A large publishing house asked me for 6,000 dollars to publish with them. No way. The house I went with ask nothing in return.Looking for more traditional type now let me know who is good out there.


  • Hello,

    Thanks for the great information which you sent. Luckily I have been fortunate enough to find what I needed

    recently. Happy writing.

                                                                                        Ariel R.

  • There are several. It just depends on what you genre is. Depending on what that is will give me a better picture on what I can help you with.

  • Hi Judith,

         I am looking at different avenues in regard to small presses. I will wait this one out and see what comes. For now I am working on my projects and going back to work full-time, so I cannot even do any marketing.

  • Hi Ariel,

    I joined this group because I first worked for and then owned a regional small press for over 10 years. It isn't cheap to publish books and small presses just don't have the capital that allows them to take a chance on unknown authors.  That's the bad news.  The good news is that technology and the internet has made independent or self publishing a viable (not free) solution.  If you believe enough in your book, you should be willing to contribute to the cost of publishing it.

    That said, you need to look for a small press publishes vs. a vanity press. Ask for references from author's that have been published by the company. If you can't talk personally (actually in person or over the phone) with authors - run. Run far and fast.

    Here are some things to look for in an honest, reliable small press publisher.

    A proven record of publishing quality books (meaning content and appearance)

    Published authors you can speak with for reference.

    The publisher has a good relationship with area independent and chain bookstores

    Local libraries (meaning local to the company, local to the author and/or local to the subject matter) have the publisher's books on their shelves.

    Additionally, here are some tips.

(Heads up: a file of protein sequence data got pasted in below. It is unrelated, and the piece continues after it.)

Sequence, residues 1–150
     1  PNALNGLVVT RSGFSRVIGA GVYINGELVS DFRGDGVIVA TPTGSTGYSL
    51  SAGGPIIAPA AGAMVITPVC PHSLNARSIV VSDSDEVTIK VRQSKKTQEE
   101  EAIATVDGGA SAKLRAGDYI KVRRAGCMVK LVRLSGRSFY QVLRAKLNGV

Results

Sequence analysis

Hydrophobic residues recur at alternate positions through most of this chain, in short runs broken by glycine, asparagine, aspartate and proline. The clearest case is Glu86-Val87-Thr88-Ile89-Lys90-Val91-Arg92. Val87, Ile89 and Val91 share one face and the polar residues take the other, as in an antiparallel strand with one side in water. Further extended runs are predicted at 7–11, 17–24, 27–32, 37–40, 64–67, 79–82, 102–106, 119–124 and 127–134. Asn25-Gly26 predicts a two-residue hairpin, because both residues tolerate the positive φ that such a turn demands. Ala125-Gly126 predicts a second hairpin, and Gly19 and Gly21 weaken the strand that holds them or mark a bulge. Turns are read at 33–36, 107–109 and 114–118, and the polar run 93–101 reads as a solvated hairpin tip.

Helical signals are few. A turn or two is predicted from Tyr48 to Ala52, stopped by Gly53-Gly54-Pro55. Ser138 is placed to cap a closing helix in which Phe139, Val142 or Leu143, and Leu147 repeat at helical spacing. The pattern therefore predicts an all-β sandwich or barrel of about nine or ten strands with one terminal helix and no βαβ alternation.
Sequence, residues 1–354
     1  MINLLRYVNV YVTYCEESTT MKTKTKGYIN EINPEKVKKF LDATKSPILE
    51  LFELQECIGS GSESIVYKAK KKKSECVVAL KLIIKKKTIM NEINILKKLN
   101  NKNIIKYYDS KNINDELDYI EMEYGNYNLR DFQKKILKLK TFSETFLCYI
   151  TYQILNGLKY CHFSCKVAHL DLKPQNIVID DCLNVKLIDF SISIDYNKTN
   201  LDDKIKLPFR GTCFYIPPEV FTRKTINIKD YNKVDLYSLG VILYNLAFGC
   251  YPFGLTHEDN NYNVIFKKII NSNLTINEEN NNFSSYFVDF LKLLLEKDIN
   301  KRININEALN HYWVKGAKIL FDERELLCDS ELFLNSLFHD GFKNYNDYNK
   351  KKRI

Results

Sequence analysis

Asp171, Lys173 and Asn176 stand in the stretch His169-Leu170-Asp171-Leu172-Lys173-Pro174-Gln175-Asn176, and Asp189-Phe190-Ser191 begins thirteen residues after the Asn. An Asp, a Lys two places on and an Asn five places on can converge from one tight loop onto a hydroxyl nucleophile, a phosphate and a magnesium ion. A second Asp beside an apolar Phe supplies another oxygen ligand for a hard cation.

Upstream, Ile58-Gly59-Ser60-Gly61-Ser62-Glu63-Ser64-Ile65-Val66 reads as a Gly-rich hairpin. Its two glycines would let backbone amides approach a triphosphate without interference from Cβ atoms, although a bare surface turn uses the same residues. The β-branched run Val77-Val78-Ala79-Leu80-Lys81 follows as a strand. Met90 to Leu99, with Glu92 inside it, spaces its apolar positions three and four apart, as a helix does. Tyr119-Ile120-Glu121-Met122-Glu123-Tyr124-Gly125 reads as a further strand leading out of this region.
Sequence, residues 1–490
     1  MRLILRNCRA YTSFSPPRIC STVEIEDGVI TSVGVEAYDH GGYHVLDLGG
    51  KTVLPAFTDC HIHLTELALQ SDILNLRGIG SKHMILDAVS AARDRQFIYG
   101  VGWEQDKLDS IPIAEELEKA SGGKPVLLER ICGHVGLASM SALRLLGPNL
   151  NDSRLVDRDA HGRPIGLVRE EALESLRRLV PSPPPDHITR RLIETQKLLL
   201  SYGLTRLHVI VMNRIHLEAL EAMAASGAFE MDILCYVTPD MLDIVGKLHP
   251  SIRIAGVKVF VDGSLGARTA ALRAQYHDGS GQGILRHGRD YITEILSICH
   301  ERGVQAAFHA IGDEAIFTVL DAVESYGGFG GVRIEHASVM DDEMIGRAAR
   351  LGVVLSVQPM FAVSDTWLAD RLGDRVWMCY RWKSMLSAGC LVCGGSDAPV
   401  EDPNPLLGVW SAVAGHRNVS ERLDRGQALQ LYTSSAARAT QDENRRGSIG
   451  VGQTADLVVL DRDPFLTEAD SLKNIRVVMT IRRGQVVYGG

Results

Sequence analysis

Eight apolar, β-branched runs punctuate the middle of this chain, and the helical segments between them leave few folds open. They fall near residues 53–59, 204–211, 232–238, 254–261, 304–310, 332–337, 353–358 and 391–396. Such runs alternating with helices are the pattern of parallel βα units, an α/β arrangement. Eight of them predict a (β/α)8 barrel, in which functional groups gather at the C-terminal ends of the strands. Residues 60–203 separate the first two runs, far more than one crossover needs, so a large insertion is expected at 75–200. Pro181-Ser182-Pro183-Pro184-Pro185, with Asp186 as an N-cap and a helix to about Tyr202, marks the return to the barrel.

Research some online publishing houses to get an idea of appropriate costs of publishing your book. Then you will know if an independent publisher is taking advantage of you with his/her prices.

    Understand that you are going to be responsible for the majority of marketing your book. Based on my experience, this blog post offers the best advice on marketing your book I have seen. I suggest reading it to get an idea of what is involved in self publishing and marketing, because if you don't market your own book, it won't sell.

    Understand what you are paying for.  Are you paying a fee and getting several boxes of books and no further assistance from the publisher?  Are you only getting a certain number of comp copies and the publisher retains the rest?  If the publisher retains any copies, do you get a royalty on sales and how will that be accounted to you? Are you and the publisher both contributing to the cost of producing the book? If so, will you split the copies and go your own way?

    In my company, I split costs of producing the book with the authors. This cost included my fees for editing, typesetting and preparing the manuscript for printing, as well as actual printing and shipping costs.  The author received a small number of comp copies to do with as he/she pleased (if sold, author kept the money).  I marketed the books wholesale to retail outlets, and paid the author a hefty royalty up to the point that their investment was recovered. After that point, the royalty dropped down to about 10%.

    With this plan, we were both invested in the marketing and sales of the book. The more that sold, the quicker the author recovered his/her investment and realized a  profit on sales- and the sooner I would be able to do the same with continued sales.